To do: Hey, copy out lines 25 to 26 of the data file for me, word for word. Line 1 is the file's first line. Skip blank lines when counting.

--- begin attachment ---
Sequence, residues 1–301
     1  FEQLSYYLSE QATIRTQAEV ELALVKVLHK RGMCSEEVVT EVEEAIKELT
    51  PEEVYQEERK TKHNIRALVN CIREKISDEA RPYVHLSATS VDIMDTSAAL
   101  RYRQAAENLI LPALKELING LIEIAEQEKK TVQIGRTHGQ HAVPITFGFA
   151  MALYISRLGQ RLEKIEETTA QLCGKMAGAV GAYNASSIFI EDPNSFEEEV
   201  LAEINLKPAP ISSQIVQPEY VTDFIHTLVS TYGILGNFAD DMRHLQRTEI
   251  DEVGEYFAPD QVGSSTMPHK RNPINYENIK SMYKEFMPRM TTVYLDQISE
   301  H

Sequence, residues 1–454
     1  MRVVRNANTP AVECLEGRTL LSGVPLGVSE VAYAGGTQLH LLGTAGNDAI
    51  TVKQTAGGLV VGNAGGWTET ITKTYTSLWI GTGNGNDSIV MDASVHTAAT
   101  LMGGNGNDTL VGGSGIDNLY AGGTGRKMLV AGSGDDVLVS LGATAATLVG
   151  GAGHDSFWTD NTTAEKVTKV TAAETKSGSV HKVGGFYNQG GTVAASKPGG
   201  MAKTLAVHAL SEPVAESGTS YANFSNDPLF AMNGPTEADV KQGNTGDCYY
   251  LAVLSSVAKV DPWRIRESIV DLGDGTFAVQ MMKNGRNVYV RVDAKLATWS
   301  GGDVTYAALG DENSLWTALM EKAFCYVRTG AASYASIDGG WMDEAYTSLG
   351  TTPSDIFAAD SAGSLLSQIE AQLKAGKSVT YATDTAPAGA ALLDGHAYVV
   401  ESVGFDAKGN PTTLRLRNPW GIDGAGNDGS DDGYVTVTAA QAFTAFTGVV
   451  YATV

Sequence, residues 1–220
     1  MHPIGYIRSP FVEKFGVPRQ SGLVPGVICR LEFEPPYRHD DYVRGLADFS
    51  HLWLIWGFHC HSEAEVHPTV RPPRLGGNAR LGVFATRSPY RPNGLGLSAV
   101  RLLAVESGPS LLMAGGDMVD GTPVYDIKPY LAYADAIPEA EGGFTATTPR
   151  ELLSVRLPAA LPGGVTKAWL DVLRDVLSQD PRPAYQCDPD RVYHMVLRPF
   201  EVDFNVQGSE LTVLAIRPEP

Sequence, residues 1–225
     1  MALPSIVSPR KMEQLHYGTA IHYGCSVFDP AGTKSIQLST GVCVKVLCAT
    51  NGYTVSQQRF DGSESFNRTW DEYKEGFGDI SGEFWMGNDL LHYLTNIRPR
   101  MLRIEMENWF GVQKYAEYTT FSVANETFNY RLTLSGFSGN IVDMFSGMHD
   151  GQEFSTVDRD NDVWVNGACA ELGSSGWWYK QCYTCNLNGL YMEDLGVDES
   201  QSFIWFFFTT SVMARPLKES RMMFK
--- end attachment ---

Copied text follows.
   201  EVDFNVQGSE LTVLAIRPEP

Sequence, residues 1–225